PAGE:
The Use of Dietary Restrictions in Malnourished Nursing Home Patients

Debra A. Buckler, Sheryl T. Kelber, James S. Goodwin

Research output: Contribution to journalArticlepeer-review

64 Scopus citations


OBJECTIVE: To evaluate the dietary prescriptions of nursing home patients who show evidence of malnutrition. DESIGN: A descriptive chart review. SETTING: Four chronic care facilities in Milwaukee, Wisconsin. PATIENTS: A total of 336 charts were randomly selected from the four facilities. Analysis was done on the 217 charts that included a recorded serum albumin. MAIN OUTCOME MEASURES: Serum albumin, height, most recent weight, weight recorded 6 months previously, major diagnoses, and current diets were recorded. Average weight change per month and body mass index were calculated. RESULTS: In 109 of the 217 patients, the serum albumin was less than 3.5 g/dL. 75.2 percent of the hypoalbuminic patients were on some sort of dietary restriction, including caloric restriction in 18% and sodium restriction in 35%. Sixty‐six of the 217 patients had an average weight loss of greater than 1 pound per month, and 59% of this group were on dietary restrictions, with 21% on sodium restriction and 20% on limited calories. CONCLUSIONS: Malnutrition is a common problem in the nursing home population. A restricted diet is one possible factor that might contribute to this. While this study does not prove a causal relationship between a restricted diet and malnutrition, it would seem inappropriate that most patients with evidence of malnutrition are on diets that might discourage nutrient intake. 1994 The American Geriatrics Society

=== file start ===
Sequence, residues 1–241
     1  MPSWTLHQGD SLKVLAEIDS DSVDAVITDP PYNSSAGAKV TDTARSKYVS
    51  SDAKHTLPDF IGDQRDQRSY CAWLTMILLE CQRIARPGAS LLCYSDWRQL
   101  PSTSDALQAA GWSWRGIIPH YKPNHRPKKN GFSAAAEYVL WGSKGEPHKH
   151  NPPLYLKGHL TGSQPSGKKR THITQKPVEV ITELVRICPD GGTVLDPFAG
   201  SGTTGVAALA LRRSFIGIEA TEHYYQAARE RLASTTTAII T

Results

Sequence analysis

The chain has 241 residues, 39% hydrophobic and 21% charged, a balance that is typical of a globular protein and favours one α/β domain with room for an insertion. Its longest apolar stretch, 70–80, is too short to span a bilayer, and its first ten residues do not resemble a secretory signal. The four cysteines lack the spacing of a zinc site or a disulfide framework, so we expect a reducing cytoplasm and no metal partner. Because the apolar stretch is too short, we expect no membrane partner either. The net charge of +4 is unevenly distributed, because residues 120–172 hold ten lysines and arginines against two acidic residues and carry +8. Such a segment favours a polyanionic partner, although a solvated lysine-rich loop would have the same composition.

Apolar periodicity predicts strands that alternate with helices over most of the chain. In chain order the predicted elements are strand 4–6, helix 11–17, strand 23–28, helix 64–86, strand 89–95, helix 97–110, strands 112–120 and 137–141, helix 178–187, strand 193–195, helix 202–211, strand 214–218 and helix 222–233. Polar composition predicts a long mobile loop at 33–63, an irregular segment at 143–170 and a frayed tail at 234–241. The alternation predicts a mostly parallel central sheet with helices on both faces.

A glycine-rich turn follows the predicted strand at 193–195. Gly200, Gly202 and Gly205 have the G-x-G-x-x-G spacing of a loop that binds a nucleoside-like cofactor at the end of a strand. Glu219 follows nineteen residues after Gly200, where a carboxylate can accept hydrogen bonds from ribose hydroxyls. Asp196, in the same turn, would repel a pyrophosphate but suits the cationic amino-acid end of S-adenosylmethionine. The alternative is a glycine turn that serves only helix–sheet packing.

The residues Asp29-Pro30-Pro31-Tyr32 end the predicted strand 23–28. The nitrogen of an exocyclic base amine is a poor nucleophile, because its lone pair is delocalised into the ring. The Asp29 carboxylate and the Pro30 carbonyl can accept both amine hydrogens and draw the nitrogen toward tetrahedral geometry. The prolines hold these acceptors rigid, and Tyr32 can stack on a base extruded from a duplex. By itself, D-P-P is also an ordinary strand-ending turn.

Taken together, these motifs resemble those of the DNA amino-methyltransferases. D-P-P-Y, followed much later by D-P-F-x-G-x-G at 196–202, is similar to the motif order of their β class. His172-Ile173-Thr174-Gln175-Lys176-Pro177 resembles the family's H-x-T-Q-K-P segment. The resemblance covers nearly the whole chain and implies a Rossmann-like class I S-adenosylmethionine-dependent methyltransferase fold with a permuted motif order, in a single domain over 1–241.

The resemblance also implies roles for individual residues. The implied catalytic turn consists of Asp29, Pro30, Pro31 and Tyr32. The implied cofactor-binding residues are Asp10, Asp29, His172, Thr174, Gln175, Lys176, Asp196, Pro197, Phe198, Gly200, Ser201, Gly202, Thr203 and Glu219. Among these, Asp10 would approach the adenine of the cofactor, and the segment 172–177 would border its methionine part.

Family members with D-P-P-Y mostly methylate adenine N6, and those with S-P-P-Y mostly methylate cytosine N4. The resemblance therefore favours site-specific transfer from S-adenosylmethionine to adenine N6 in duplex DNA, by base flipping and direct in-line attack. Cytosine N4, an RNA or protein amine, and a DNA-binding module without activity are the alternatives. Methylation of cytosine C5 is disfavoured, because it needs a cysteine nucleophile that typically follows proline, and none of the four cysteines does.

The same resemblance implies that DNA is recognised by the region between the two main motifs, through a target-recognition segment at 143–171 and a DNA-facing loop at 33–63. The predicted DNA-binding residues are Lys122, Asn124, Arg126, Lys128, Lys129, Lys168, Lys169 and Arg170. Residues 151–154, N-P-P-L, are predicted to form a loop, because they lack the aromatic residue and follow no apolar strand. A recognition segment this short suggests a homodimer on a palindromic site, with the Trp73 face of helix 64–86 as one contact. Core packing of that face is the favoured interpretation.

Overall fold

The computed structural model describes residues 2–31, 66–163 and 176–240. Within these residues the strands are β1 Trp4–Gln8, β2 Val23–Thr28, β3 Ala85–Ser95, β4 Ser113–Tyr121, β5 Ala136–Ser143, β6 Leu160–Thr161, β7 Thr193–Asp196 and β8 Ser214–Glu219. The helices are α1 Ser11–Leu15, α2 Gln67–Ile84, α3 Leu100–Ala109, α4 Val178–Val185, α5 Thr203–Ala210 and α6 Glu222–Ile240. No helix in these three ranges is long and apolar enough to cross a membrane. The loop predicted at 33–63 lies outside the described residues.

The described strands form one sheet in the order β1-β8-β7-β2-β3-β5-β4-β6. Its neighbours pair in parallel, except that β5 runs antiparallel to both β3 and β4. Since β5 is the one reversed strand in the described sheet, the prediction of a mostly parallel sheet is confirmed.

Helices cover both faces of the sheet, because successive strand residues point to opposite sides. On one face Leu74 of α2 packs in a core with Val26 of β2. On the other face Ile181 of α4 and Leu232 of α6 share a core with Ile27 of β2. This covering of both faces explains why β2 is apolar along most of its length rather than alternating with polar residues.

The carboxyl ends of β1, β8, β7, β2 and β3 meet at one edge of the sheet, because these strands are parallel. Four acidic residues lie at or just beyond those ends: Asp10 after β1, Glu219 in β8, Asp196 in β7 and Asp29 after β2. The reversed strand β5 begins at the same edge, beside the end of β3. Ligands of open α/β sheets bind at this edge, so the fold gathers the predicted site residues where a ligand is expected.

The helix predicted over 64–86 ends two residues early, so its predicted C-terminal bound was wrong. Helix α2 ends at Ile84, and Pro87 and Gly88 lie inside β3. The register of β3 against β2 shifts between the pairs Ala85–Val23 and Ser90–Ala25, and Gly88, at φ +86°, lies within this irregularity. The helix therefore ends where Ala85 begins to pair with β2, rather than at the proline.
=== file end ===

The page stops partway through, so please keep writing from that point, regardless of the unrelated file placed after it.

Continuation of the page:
Original languageEnglish (US)
Pages (from-to)1100-1102
Number of pages3
JournalJournal of the American Geriatrics Society
Issue number10
StatePublished - Oct 1994

ASJC Scopus subject areas

  • Geriatrics and Gerontology


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